Unsettling America explores the cultural politics of Indianness in the 21st century. It concerns itself with representations of Native Americans in popular culture, the news media, and political debate and the ways in which American Indians have interpreted, challenged, and reworked key ideas about them. It examines the means and meanings of competing uses and understandings of Indianness, unraveling their significance for broader understandings of race and racism, sovereignty and self-determination, and the possibilities of decolonization. To this end, it takes up four themes:
·false claims about or on Indianness, that is, distortions, or ongoing stereotyping;
·claiming Indianness to advance the culture wars, or how indigenous peoples have figured in post-9/11 political debates;
·making claims through metaphors and juxtaposition, or the use of analogy to advance political movements or enhance social visibility; and
·reclamations, or exertion of cultural sovereignty.
|Publisher:||Rowman & Littlefield Publishers, Inc.|
|Product dimensions:||6.00(w) x 8.90(h) x 0.50(d)|
|Age Range:||18 Years|
About the Author
C. Richard King is a professor in the Department of Critical Culture, Gender, and Race Studies at Washington State University. He is one of the leading scholars of contemporary American Indian Studies, and he also studies race and ethnicity more broadly. A past president of the Society for the Sociology of Sport, he serves on the editorial board for several journals, including Ethnicity and Race in a Changing World, Journal of Popular Culture, and Society of Sport Journal. King is the author/editor of a number of books, including Team Spirits: The Native American Mascot Controversy (2001, a CHOICE 2001 Outstanding Academic Title), Native Americans in Sports (2003), Animating Difference (Rowman & Littlefield 2010), and The Native American Mascot Controversy: A Handbook (Scarecrow 2010).
Table of Contents
How Indianness Matters Now: An Introduction
I. Old Battles
1. George Bush May Not Like Black People, But No One Gives a Damn About
Indigenous Peoples: Visibility and Indianness after the Hurricanes
2. Embattled Images in the Marketplace: Commodity Racism, Media Literacy, and Struggles over Indianness
II. Ongoing Wars
3. On Being a Warrior: Race, Gender, and American Indian Imagery in Sport
4. Defending Civilization from the Hostiles: Notes on the Ward Churchill Affair
5. Always Enemy Combatants? The Killing of 'sama bin Laden and the Native American Struggle for Humanity
III. New Fronts
6. Borrowing Power: Racial Metaphors and the Struggle Against American Indian Mascots
7. Alter/native Heroes: Native American Books, and the Struggle for Self-Definition
8. De/Scribing Squ*w: Indigenous Women and Imperial Idioms in the United States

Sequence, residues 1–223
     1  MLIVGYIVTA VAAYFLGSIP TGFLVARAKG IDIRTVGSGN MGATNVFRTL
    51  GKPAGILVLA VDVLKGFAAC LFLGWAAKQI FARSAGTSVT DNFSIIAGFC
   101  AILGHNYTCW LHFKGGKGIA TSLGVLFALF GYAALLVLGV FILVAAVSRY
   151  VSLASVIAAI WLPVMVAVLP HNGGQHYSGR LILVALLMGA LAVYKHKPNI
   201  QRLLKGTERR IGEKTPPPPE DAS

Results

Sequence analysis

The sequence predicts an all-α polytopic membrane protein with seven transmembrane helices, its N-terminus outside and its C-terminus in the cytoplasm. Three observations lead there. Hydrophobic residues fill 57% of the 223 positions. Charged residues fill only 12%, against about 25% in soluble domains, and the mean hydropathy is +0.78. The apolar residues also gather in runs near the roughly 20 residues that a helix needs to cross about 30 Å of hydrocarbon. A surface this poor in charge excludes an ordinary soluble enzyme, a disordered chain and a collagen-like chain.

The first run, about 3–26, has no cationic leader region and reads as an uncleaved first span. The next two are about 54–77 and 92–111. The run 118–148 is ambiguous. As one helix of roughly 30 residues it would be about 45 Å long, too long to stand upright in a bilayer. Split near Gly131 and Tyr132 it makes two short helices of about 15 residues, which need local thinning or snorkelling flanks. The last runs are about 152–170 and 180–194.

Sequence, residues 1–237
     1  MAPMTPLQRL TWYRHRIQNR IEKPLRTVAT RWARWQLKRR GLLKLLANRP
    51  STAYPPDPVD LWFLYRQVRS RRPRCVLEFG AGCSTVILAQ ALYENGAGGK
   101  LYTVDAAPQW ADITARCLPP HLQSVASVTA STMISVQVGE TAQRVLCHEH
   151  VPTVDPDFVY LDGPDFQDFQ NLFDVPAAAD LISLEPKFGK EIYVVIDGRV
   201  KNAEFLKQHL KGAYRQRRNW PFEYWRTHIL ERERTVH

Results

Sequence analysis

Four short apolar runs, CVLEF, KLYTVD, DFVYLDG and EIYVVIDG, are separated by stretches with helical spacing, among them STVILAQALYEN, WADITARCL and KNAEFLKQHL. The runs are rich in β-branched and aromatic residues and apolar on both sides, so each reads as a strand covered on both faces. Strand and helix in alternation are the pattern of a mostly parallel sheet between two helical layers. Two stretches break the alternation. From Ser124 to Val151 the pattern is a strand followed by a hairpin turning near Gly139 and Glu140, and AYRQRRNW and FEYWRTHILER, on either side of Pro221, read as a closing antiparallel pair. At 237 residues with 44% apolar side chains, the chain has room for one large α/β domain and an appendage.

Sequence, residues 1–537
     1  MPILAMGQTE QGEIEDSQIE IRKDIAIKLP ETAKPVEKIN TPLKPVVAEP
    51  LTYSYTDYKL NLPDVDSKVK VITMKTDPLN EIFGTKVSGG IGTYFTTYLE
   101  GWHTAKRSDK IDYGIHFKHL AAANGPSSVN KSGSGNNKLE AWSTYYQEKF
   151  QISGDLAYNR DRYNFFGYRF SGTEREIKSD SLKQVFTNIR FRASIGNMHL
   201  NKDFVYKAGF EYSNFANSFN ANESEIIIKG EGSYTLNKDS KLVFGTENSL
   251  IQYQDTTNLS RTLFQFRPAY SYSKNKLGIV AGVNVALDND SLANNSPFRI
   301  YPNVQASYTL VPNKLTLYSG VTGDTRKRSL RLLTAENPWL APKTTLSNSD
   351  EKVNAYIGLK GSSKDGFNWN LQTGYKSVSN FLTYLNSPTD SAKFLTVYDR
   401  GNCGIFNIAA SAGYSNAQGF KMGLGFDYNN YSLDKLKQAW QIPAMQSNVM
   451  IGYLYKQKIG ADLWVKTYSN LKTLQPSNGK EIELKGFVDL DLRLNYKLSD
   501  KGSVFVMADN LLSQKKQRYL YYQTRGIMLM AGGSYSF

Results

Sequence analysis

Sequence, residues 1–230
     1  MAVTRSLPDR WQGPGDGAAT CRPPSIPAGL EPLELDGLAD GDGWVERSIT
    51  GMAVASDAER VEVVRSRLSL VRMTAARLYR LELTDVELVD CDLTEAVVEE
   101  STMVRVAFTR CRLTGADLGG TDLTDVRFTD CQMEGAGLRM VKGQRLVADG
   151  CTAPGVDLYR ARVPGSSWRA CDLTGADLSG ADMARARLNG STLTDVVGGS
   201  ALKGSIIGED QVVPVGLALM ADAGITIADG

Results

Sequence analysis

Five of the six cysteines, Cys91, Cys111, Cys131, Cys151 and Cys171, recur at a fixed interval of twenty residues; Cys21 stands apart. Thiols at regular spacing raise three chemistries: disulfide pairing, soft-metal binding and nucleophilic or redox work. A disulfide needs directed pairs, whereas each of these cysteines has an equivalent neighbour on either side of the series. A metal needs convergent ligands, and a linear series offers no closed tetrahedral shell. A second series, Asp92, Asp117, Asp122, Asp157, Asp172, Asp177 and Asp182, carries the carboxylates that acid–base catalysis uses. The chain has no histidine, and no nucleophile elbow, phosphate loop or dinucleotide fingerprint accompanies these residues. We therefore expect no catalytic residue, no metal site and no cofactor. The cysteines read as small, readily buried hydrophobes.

Reclaiming Indianness: Notes Toward a Conclusions
What People are Saying About This
In this volume C. Richard King offers an incisive analysis of contemporary struggles over “Indian” imagery, exploring examples that range from advertising to sports arenas to the battlefield, from place names to video games to comic books. This theoretically sophisticated yet accessible book explains why struggles over terms, such as “squaw” and depictions of “redskins,” continue to matter in the 21st century. It is a timely and important contribution to the multidisciplinary literature on the cultural politics of Indianness.
Unsettling America introduces readers to the myriad ways old traditions of Indian erasure and Indian stereotyping persist into the twenty-first century and manifest in new forms. As important, it highlights the sophisticated Native critiques and activist responses these colonial discourses provoke.
Once again C. Richard King has created a timely and urgently needed book. Unsettling America reflects on the persistence of re-presentations of American Indians in media and popular culture that must be brought in to the light and ultimately changed. This well-written and insightful book should be required reading in ethics, media and communication, and ethnic studies courses.
C. Richard King offers a brilliant example of depth sociology, digging beneath surface realities of “Indian mascots and other cultural imagery to deeper white-racist oppression of indigenous Americans, past and present. Stealing lands and killing indigenous peoples has long been accompanied with fictional–Indian framing buttressing Euro-Americans’ racial identity and historical rationalizations. King shows, well, how Native Americans’ counter-framing and resistance projects assertively seek to reclaim indigenous images, cultures, and lands away from continuing white-racist oppression.